Added by Paul Sutherland on 27 March 2007
Thanks Paul, and as a bonus it answered the question I had asked about what was there before Woolies. Although it may be wrong to assume that D&H were there right until Woolies moved in.

Now my perennial question- what were Victoria Street and Albert Street called before Victoria and Albert were on the go?
Added by Steven Heddle on 27 March 2007
Paul/Steven, I am very impressed with the information you supply not only to this picture but to the site in general, I dont suppose you would be willing to share your reference material, it would help me greatly in a wee project I am working on.
Any help would be greatly appreciated.
Added by Das Sutherland on 27 March 2007
The Aberdeen Savings Bank was in the building which now houses Radio Orkney. My late father was a counter clerk in there prior to being called up to serve in the Royal Navy in WW2. When he went back to the Bank after the war he was not allowed to serve at the counter owing to his "unsightly tattoos" of bluebirds which were clearly visible on his hands, he and the then manager agreed to disagree on the subject of tattoos and the rest as they say "is history"
Added by David Tullock on 27 March 2007
The rooms above Lipton's were occupied by Mrs. Hay, and the window above the Lipton's sign is the room where she served lunches.
I ate there most working days from the mid-1950's till early 1964.
She had two long tables, one for the women and one for the men!
Added by Isobel Irvine on 27 March 2007
When the Bank of Scotland current premises were being refurbished in the 1980's - around 1984/85? - business was carried out from the old Flett & Sons premises in Bridge Street - now occupied by Voluntary Action Orkney.
Added by Jackie Harrison on 27 March 2007
I think Woolworth's bought Drever & Heddle's offices in the late 1950s and the lawyers moved to what had been the Union Bank manager's house. As for your other question, Steven, I think they were just called "The Street", or as old title deeds refer to it (if I remember right) "the King's (or Queen's) High Street of the Burgh of Kirkwall". Until the 19th century there was really only one street to speak of, going from the shore to the Long Corner and latterly to what is now High Street. However, there were various ways to identify parts of the town without formal street names: the town was divided into three parts, Burgh, Midtown and Laverock; within these there were descriptive place names such as the Ramparts, the Shore, and the Brig, while the Broad Street was referred to as such long before the town was neatly divided into street names; closes too had names often according to who lived there. As for when Victoria and Albert were honoured, the streets were so named at least by the time of the Census in June 1841, so I will make a wild guess and suggest it was done to mark their wedding in February 1840. The town council minutes will probably give the answer.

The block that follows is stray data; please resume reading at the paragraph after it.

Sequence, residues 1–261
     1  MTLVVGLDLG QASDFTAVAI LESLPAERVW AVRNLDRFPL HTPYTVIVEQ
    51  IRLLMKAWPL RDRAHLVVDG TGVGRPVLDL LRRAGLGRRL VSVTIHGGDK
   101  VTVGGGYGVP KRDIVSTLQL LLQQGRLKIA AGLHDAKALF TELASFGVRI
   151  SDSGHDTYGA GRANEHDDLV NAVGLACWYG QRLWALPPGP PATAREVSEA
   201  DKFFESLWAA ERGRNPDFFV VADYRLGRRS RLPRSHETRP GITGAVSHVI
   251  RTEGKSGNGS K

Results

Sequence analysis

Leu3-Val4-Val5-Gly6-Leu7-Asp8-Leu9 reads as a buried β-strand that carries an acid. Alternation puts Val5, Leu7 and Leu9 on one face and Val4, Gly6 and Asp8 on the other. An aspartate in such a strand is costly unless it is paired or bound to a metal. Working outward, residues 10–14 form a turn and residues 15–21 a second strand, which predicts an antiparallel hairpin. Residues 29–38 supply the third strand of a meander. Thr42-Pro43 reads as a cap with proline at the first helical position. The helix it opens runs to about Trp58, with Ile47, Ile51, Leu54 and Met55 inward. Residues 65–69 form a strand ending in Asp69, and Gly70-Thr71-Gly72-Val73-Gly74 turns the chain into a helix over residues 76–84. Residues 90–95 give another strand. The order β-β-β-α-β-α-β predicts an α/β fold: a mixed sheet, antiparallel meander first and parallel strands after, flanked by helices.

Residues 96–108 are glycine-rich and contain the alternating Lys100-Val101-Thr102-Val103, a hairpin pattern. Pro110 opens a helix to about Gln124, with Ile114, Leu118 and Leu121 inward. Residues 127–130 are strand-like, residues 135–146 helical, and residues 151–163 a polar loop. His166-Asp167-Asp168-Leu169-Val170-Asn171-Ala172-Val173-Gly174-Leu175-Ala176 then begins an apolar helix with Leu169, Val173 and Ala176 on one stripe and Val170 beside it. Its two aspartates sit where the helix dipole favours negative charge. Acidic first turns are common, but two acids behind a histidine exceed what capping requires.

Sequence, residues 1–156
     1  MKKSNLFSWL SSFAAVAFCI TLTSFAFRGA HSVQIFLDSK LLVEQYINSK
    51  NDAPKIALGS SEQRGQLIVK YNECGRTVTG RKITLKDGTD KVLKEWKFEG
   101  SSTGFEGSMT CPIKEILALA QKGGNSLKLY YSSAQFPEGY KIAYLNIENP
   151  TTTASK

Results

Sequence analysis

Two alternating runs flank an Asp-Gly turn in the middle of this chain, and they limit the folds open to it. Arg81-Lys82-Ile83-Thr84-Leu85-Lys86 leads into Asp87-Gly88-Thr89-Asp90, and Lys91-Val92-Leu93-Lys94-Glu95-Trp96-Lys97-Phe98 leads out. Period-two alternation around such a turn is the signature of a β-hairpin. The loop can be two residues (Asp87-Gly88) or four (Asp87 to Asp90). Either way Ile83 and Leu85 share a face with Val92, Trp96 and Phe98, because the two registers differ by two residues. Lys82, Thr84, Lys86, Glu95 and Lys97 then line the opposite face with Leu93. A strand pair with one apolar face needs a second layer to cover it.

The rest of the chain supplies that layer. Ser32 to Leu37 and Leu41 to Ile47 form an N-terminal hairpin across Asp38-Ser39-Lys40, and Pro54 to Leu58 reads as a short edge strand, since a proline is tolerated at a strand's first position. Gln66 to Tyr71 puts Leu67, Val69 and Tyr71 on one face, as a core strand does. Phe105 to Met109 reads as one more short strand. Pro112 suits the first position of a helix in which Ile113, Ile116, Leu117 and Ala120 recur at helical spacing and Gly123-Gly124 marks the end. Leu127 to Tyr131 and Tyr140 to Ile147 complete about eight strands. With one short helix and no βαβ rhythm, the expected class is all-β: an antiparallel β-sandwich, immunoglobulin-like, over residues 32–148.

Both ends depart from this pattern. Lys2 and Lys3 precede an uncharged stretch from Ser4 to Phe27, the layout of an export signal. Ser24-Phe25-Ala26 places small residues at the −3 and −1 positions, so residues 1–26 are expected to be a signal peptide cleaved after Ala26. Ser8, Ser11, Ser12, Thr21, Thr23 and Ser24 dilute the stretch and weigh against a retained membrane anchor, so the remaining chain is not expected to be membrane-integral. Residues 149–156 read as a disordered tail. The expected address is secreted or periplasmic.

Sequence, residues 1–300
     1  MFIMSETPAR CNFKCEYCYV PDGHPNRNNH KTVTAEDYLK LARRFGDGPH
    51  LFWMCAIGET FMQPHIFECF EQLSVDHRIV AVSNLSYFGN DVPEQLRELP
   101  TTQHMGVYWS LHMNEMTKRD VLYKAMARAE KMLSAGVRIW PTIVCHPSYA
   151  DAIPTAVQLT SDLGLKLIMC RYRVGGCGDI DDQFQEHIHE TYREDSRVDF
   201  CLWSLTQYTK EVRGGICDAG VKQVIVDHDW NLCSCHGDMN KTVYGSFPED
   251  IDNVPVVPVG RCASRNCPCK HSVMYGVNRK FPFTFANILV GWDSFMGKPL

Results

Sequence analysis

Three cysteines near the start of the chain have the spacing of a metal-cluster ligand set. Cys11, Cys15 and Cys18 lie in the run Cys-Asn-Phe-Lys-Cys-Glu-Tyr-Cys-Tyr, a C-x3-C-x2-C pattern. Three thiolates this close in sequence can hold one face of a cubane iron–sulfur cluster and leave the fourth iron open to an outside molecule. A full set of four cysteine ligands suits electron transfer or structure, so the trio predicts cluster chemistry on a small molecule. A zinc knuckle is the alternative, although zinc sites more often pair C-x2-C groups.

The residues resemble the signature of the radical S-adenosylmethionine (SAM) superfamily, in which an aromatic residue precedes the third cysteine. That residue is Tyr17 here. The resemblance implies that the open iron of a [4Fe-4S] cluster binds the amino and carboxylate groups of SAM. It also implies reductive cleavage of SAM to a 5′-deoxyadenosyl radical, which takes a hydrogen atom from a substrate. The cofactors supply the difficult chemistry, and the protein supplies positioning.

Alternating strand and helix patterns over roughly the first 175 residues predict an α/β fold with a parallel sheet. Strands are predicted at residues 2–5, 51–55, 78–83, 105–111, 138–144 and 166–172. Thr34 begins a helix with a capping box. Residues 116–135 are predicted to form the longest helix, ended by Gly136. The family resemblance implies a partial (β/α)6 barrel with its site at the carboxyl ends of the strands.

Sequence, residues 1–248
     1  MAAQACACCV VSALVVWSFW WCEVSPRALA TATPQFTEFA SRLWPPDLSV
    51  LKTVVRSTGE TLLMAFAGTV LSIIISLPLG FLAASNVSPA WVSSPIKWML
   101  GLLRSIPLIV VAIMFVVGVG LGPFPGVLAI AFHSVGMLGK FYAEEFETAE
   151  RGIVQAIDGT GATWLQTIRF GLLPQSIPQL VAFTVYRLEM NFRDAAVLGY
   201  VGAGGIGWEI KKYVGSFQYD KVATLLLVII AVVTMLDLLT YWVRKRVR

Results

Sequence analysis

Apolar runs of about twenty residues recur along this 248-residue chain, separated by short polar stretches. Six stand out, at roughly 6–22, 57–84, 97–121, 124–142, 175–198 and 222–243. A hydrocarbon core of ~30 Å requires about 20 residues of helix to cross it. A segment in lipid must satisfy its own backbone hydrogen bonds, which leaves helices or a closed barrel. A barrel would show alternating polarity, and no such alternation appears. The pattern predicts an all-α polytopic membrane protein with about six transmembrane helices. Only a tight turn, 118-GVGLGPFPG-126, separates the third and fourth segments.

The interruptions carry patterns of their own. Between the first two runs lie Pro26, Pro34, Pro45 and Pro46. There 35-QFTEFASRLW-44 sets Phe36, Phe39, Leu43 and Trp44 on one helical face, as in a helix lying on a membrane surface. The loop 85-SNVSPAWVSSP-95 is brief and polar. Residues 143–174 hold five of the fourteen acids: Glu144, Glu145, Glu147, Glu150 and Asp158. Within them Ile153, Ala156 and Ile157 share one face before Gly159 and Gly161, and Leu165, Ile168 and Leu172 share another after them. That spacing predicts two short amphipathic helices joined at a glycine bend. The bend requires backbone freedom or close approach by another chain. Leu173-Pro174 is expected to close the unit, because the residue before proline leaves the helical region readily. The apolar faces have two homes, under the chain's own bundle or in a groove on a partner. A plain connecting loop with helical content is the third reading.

Added by Paul Sutherland on 27 March 2007
Das, Kirkwall in the Orkneys is a good start.
That comment you made on the closing of the Pheonix nearly brought a tear to my eye. You're almost becoming poetic in your old age!!

Added by Bruce Moar on 28 March 2007
The penny post, introduced in January 1840, would have been an incentive to clarify street names too.
Added by Paul Sutherland on 28 March 2007
Re. David Tullock's comment on the Aberdeen Savings Bank. I remember mother taking me and my earthly savings to open my first bank account in the Aberdeen Savings Bank which was not the building that radio Orkney is in. The bank was actually at the rear of the present Clydesdale Bank which has a side door on Castle Street. The main building if I remember right was empty at the time. Bill Barrack was the manager.